13 NAEYC data on programs approach to child assessment Assessment of Child Progress - Findings Emerging criteria Not part of accreditation decision, but reflect practices that are increasingly cited as part of quality programs, but only beginning to becoming common Table 2: Pass Rates for Emerging Practice Criteria in Standard 4 (N=127 programs) Criterion Criterion language (abridged) Pass Rate 4.C.01 All children receive developmental screening [that is timely; reliable and valid; developmentally normed; comprehensive; periodically evaluated; and used to make appropriate referrals (6 indicators)]. 63.0% 4.D.02 Teaching teams meet at least weekly to interpret and use assessment results to align curriculum and teaching practices to the interests and needs of the children. 74.8% 4.E.07 The program staff provide families with a full explanation of confidentiality by [4 indicators]. 84.1%

14 What Might this Mean for Me? Assessment of Child Progress - Summary Assessment of children is valued, and programs tend to have plans and generally an ability to identify appropriate assessment tools NOTE: These data come from programs seeking NAEYC accreditation, which includes a standard on child assessment; not only programs would likely share this value Using child assessment data presents a challenge for many programs, especially in using assessment as a point of engagement for families BUT: programs that are able to use child assessment data in one way are likely to do so in other ways Screening continues to be less common than using assessments to guide instruction Time for staff to share information with each other and with families is a challenge

15 What Might this Mean for Me? What can I do to support best practices in programs, classrooms, teachers that you impact? What additional supports might be useful for you, teachers, and/or families in support best practices in child assessment?

16 NAEYC and Child Assessment Systems Programs Teachers of Young Children

17 R e s e a r c h P o l i c y P r a c t i c e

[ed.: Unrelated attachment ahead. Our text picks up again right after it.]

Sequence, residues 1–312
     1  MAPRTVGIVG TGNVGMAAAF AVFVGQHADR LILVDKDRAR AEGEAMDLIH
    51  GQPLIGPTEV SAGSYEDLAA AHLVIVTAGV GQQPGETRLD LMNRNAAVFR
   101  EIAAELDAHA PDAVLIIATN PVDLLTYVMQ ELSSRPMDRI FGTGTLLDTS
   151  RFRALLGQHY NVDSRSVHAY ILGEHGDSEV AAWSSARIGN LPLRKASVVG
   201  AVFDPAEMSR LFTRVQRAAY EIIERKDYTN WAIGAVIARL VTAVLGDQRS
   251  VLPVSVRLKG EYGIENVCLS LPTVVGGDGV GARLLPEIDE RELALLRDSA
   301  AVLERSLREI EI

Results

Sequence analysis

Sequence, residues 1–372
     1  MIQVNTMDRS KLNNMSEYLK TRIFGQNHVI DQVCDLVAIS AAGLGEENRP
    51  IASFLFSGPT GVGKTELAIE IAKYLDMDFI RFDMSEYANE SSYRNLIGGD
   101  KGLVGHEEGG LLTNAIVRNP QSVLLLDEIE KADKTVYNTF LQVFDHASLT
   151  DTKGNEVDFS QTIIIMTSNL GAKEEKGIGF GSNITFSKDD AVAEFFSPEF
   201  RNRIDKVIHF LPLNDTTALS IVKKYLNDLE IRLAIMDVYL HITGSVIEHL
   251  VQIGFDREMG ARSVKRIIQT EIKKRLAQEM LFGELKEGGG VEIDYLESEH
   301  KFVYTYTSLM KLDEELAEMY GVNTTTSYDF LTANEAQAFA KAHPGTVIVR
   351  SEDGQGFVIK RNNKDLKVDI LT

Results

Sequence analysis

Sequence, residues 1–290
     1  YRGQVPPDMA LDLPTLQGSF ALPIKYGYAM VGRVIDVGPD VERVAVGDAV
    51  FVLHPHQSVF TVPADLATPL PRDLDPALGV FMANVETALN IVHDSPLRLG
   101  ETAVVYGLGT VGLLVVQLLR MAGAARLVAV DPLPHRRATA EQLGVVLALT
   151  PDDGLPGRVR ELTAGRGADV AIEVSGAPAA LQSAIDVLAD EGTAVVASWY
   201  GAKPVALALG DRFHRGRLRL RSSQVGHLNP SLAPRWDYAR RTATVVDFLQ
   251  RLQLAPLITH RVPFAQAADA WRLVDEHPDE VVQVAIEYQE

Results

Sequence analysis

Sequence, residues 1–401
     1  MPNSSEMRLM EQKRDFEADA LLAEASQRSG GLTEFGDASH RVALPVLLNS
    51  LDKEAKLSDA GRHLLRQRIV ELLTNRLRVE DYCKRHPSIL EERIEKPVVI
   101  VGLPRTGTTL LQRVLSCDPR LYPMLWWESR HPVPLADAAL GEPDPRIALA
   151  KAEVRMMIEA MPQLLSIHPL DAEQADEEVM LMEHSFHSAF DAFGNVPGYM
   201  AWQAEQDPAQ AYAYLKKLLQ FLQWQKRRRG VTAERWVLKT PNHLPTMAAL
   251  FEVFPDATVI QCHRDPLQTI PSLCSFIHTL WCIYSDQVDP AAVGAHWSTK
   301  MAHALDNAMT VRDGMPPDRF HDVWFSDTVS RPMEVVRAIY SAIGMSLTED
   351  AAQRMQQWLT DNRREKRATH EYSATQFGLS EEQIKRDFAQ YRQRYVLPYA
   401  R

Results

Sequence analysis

18 September 2011, No. 2 TREND BRIEFS Trend Briefs are communications from the NAEYC Academy for Early Childhood Program Accreditation intended to share data on programs seeking accreditation and to connect the findings to early childhood research trends. Assessment of Child Progress Accreditation of Programs for Young Children Standard 4 The appropriate utilization of assessments has long been at the heart of effective early childhood education programs. The National Association for the Education of Young Children (NAEYC) and National Association of Early Childhood Specialists in State Departments of Education (NAECS/SDE) position statement on curriculum, instruction, and assessment underscores the need for a systemic, integrated approach for linking assessments with curriculum and instruction. 1 This approach was endorsed and furthered by the National Academies of Science panel on early childhood assessment, 2 which stated explicitly... that a primary purpose of assessing children or classrooms is to improve the quality of early childhood care and education by identifying where more support, professional development, or funding is needed and by providing classroom personnel tools to track children s growth and adjust instruction (p. 10). As such, aligning assessments with curriculum and instruction ensures that the intended outcomes are addressed and monitored, while misaligned systems cannot ensure that intentions are being met. 3 Framing an Assessment System for Young Children High-quality early childhood education is supported by assessments aligned with instructional goals and approaches. 4 Assessment, however, does not refer simply to the tool being utilized; it refers to an interconnected system of decisions and activities. Assessment includes consideration of the assessment tools being used, and how the information gained from those tools can be appropriately used. For example, some assessments are appropriately used for screening for devel- opmental delays, and provide data that indicate whether additional diagnostic assessments should be given. Other assessments chart children s progress, either against expected milestones or relative to instructional and curricular goals. Data from these assessments can be appropriately used to describe children s progress. Understanding the match between an assessment s intended use and how the results are used allows programs to intentionally design systems that align with their goals. Failure to do so creates the risk for misalignment, with potentially unintended consequences. 5 The NAEYC guidelines for Standard 4, assessment of child progress, articulate this system through a series of five topic areas. The first, Topic A, calls for programs to develop and articulate a plan for the use of assessments and their results. The second (Topic B) calls for programs to use appropriate About the Reliability and Validity Study (ReVal 1) NAEYC Accreditation requires programs to demonstrate their ongoing capacity to meet each of the 10 NAEYC Early Childhood Program Standards. Each program standard is defined by a set of accreditation criteria which are organized into topic areas. There are 417 criteria across the 10 standards. The primary goals of ReVal-1 were to describe the standards and criteria (e.g., pass rates, means, variance) across and within the measurement tools; to replicate the initial field study findings of internal consistency within the 10 program standards; and to relate standards and criteria to accreditation outcomes (i.e., whether the programs became accredited or not). The ReVal-1 sample included approximately 130 programs receiving accreditation site visits between September 2009 and July During these visits, experienced assessors captured data on all 417 of NAEYC s criteria. Programs in the ReVal-1 study were scored, like other programs, on only a subset of the criteria for purposes of their accreditation decision. In this sample, 114 programs were ultimately accredited and 13 were not accredited (8 were deferred, 5 were denied). 1